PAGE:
Reusing transmission filter. Opinions.

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Sep 30, 2013
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My plan is to do a drain and fill every year. I drive around 12-15k a year. Jeep recommends a drain and fill every 30k after 100k IIRC so I'm assuming that is what the filter is rated for. Should I just remove the fluid from the filler tube and change the filter every other year? It would of course save money on the filter ($10.. big whoop), but also save time on removing the pan and dealing with the mess. I would also assume as mileage increases on the filter, so does its efficiency so it would be pointless to remove early. I had to do a drain and fill 6 months apart last spring because of a leaking pang gasket. I would loose around a half a quart of fluid per week.. it was bad. The filter looked new and the pan magnet had little to no sludge whatsoever. Fluid has been changed w/ filter at 100k, (pre BITOG exposure period laugh ) 145k and 155k. *Just realized my mileage and month math doesn't add up. It would have had to have been less than 10k between fills. Drained it Sept. 2013 and May 2014. I need to keep a log book!
 
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dlundblad

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Awesome. Ill just be sure not to get the siphon hose stuck down in the filler tube like last time. Lol.
 

pbm

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Most in the pan filters are 'rock catchers'. I'd install an in-line A/T filter (like a Magnafine) and change it every 30K. The in the pan filter should be good for 100K.
 
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I would probably do that method after doing one complete pan/filter service. That would allow you to get the magnets and filter clean from the original manufacturing process. I just did my Silverado at 36k and there was quite a bit of metal on the magnets.
 
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If you're planning on keeping it for several more drain/fill intervals I would say: Do a full flush -- disconnect both cooler lines, put return in a bucket/jug of new fluid, put pressure line in an empty bucket. Start engine, shift between 1st/reverse, monitor fluid color coming out of cooler line. When fluid looks clean, or you have run about 10 qts through, lift the return line out of the new fluid and let the trans pump continue to pump out about another 2 qts. Shut down, drop pan (that's where the 2qts low comes into play -- reduces mess), replace filter, clean pan & magnet(s), install aftermarket pan drain plug, reassemble & top off with fluid. Now you have a handy drain plug for your yearly drain & fill! Install an auxiliary trans filter if you want to, change auxiliary trans filter as often as makes you sleep well at night.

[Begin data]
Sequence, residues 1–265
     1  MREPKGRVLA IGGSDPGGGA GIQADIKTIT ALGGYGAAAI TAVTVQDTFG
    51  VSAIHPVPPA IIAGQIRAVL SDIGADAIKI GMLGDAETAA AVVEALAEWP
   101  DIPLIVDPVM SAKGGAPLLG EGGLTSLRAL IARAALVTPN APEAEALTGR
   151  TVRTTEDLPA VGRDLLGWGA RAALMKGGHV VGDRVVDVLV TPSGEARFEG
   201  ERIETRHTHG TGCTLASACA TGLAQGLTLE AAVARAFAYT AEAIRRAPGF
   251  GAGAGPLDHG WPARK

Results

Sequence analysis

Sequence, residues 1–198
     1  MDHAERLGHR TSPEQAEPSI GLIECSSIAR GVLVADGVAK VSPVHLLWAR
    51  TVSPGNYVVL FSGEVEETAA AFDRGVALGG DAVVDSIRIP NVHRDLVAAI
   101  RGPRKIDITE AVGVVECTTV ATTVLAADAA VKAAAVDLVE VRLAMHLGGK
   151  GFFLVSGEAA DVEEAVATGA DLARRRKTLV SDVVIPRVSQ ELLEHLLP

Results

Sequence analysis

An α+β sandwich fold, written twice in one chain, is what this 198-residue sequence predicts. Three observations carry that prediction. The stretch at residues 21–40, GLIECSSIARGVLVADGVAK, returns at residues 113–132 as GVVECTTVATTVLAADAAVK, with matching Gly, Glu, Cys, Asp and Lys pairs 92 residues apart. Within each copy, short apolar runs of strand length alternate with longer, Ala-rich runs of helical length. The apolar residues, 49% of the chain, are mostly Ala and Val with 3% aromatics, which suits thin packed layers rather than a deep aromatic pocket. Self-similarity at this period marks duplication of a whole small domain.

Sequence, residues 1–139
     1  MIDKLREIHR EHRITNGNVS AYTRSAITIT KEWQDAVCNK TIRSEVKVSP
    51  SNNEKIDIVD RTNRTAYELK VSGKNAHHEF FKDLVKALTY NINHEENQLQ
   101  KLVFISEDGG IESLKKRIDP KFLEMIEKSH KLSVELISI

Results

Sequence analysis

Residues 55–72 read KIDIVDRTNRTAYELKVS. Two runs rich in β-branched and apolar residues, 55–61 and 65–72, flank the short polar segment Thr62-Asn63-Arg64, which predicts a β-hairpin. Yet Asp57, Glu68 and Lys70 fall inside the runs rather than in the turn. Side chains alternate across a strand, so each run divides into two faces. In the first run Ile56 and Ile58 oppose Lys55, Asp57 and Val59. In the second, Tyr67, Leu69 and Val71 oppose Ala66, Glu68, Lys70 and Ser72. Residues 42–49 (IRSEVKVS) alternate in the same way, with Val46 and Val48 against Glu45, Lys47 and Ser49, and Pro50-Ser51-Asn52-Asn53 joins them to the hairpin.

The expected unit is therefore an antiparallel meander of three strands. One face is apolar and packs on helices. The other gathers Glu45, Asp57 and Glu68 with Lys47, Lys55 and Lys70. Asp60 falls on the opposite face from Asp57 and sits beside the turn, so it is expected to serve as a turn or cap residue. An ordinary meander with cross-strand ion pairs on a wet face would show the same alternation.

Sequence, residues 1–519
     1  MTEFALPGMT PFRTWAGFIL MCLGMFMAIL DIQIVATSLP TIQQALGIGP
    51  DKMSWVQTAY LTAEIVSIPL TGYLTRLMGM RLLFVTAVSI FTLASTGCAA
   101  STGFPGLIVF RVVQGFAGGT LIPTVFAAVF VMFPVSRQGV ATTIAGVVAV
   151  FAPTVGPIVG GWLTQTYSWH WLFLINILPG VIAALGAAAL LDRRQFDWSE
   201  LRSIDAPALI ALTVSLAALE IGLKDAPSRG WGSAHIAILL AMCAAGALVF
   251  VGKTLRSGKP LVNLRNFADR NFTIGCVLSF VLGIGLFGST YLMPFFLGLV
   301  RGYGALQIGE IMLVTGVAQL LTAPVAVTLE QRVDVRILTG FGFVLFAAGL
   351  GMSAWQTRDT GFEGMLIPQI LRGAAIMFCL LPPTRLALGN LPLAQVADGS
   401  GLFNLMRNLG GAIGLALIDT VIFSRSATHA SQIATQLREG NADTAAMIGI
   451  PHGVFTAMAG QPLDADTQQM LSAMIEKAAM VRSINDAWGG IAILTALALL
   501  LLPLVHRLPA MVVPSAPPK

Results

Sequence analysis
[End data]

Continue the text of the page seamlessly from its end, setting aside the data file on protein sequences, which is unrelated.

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There is a big difference between a rock catcher and a typical in pan filter. A rock catcher in my book is the in-pan filter on my early Torq-shift. It is a fine metal mesh. The oil is actually filtered with a bypass filter in-line to the cooler. Trans filters with actual media really do something, although not near as much as a Magnafine. Personally, I do change them when I drop the pan, usually around 30-40K, although I just did a new to me Grand Caravan with 110K on it. As long as the pan is off, why not change the filter? They cost like $10, might as well do it. If, like the OP you are siphoning between pan drops, then by all means don't sweat it! I do like the mangnafine idea though. I have been considering using one for years on vehicles other than my F250. With the factory bypass, I think a magnafine would be redundant on that one. I understand the guys who flush transmissions, it just aint for me. I prefer to get the pan off, CLEAN IT (ever see the inside of a transmission pan? Once you do you will want to do pan drops), clean the magnet (once you see it, you will want to clean it and do pan drops every time), change the filter and fill it back up. If you do them on schedule, it will be fine. I have never heard of systemic failures due to transmissions serviced on time with pan drops instead of flushes where that is an option. Now.....failures due to bad fluid, like early 4R70Ws and AOD-E with Mercon before they came out with MERCON V....YES, or early Chrysler Ultradrives before ATF+3 or 4, and serviced with DEXRON III....YES.
 
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